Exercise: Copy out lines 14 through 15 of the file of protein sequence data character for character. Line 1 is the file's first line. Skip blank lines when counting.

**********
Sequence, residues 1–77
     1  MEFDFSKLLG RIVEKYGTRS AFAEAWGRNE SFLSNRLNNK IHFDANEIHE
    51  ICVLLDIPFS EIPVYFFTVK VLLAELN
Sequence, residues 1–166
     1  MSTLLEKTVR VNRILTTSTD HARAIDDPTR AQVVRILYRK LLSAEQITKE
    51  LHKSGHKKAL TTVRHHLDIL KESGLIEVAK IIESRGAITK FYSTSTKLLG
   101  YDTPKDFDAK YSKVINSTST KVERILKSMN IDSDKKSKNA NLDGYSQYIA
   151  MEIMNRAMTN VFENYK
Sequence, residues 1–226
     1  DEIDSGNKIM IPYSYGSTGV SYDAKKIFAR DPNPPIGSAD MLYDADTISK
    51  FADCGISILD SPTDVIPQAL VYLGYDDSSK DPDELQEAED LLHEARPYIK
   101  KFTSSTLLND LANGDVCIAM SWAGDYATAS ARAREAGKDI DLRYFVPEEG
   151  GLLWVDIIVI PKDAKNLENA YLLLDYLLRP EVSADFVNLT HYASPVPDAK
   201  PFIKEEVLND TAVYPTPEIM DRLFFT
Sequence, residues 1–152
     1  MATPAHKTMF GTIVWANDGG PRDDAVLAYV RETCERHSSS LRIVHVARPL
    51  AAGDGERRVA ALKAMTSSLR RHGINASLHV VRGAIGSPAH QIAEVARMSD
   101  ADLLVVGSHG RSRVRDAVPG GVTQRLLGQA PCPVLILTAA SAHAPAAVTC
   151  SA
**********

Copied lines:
   201  PFIKEEVLND TAVYPTPEIM DRLFFT
Sequence, residues 1–152